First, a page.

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Nursery Rhymes . . . for children.

Once upon a time . . . . .  from our fabulous collection of Fairy Tales for children . . .  they lived happily ever after . . .

The Little Mermaid - Part 1

FAR out in the ocean, where the water is as blue as the
prettiest cornflower, and as clear as crystal, it is very,
very deep; so deep, indeed, that no cable could fathom it:
many church steeples, piled one upon another, would not reach
from the ground beneath to the surface of the water above.
There dwell the Sea King and his subjects. We must not imagine
that there is nothing at the bottom of the sea but bare yellow
sand. No, indeed; the most singular flowers and plants grow
there; the leaves and stems of which are so pliant, that the
slightest agitation of the water causes them to stir as if
they had life. Fishes, both large and small, glide between the
branches, as birds fly among the trees here upon land. In the
deepest spot of all, stands the castle of the Sea King. Its
walls are built of coral, and the long, gothic windows are of
the clearest amber. The roof is formed of shells, that open
and close as the water flows over them. Their appearance is
very beautiful, for in each lies a glittering pearl, which
would be fit for the diadem of a queen.

The Sea King had been a widower for many years, and his
aged mother kept house for him. She was a very wise woman, and
exceedingly proud of her high birth; on that account she wore
twelve oysters on her tail; while others, also of high rank,
were only allowed to wear six. She was, however, deserving of
very great praise, especially for her care of the little
sea-princesses, her grand-daughters. They were six beautiful
children; but the youngest was the prettiest of them all; her
skin was as clear and delicate as a rose-leaf, and her eyes as
blue as the deepest sea; but, like all the others, she had no
feet, and her body ended in a fish's tail. All day long they
played in the great halls of the castle, or among the living
flowers that grew out of the walls. The large amber windows
were open, and the fish swam in, just as the swallows fly into
our houses when we open the windows, excepting that the fishes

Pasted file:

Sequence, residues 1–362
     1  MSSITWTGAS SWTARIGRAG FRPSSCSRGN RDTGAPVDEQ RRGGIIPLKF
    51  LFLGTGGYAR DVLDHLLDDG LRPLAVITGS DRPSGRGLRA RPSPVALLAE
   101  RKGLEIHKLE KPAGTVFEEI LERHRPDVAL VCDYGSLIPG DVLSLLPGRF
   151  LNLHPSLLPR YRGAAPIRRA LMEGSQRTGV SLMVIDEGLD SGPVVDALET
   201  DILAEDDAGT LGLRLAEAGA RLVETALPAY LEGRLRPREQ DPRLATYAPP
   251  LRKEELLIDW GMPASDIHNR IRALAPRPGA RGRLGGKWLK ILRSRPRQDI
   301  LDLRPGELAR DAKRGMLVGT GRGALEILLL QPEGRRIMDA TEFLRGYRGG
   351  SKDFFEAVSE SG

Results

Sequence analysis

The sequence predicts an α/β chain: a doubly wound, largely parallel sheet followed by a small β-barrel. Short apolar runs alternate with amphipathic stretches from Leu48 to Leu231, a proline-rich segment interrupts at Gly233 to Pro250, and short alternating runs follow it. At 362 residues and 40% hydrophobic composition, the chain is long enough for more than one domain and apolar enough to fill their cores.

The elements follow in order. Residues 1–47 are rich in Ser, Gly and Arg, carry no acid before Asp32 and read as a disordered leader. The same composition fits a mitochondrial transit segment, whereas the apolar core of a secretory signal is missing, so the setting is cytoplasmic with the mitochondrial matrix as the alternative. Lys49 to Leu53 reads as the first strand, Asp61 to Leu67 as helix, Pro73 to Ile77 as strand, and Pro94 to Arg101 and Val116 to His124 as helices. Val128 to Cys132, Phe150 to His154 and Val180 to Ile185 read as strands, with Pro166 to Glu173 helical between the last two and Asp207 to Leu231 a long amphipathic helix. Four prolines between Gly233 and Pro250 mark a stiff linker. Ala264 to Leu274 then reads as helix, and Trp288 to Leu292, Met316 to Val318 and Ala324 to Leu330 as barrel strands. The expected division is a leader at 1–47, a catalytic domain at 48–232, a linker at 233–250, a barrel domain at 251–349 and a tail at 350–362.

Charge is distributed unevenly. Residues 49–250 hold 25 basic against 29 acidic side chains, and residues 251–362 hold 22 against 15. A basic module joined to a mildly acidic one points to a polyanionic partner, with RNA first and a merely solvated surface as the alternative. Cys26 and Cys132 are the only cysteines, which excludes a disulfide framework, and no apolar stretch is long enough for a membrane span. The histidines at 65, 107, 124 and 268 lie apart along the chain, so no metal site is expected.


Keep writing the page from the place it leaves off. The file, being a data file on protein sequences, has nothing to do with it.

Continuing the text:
swam up to the princesses, ate out of their hands, and allowed
themselves to be stroked. Outside the castle there was a
beautiful garden, in which grew bright red and dark blue
flowers, and blossoms like flames of fire; the fruit glittered
like gold, and the leaves and stems waved to and fro
continually. The earth itself was the finest sand, but blue as
the flame of burning sulphur. Over everything lay a peculiar
blue radiance, as if it were surrounded by the air from above,
through which the blue sky shone, instead of the dark depths
of the sea. In calm weather the sun could be seen, looking
like a purple flower, with the light streaming from the calyx.
Each of the young princesses had a little plot of ground in
the garden, where she might dig and plant as she pleased. One
arranged her flower-bed into the form of a whale; another
thought it better to make hers like the figure of a little
mermaid; but that of the youngest was round like the sun, and
contained flowers as red as his rays at sunset. She was a
strange child, quiet and thoughtful; and while her sisters
would be delighted with the wonderful things which they
obtained from the wrecks of vessels, she cared for nothing but
her pretty red flowers, like the sun, excepting a beautiful
marble statue. It was the representation of a handsome boy,
carved out of pure white stone, which had fallen to the bottom
of the sea from a wreck. She planted by the statue a
rose-colored weeping willow. It grew splendidly, and very soon
hung its fresh branches over the statue, almost down to the
blue sands. The shadow had a violet tint, and waved to and fro
like the branches; it seemed as if the crown of the tree and
the root were at play, and trying to kiss each other. Nothing
gave her so much pleasure as to hear about the world above the
sea. She made her old grandmother tell her all she knew of the
ships and of the towns, the people and the animals. To her it
seemed most wonderful and beautiful to hear that the flowers
of the land should have fragrance, and not those below the
sea; that the trees of the forest should be green; and that
the fishes among the trees could sing so sweetly, that it was
quite a pleasure to hear them. Her grandmother called the
little birds fishes, or she would not have understood her; for
she had never seen birds.

'When you have reached your fifteenth year,' said the
grand-mother, 'you will have permission to rise up out of the
sea, to sit on the rocks in the moonlight, while the great
ships are sailing by; and then you will see both forests and

In the following year, one of the sisters would be
fifteen: but as each was a year younger than the other, the
youngest would have to wait five years before her turn came to
rise up from the bottom of the ocean, and see the earth as we
do. However, each promised to tell the others what she saw on
her first visit, and what she thought the most beautiful; for
their grandmother could not tell them enough; there were so
many things on which they wanted information. None of them
longed so much for her turn to come as the youngest, she who
had the longest time to wait, and who was so quiet and
thoughtful. Many nights she stood by the open window, looking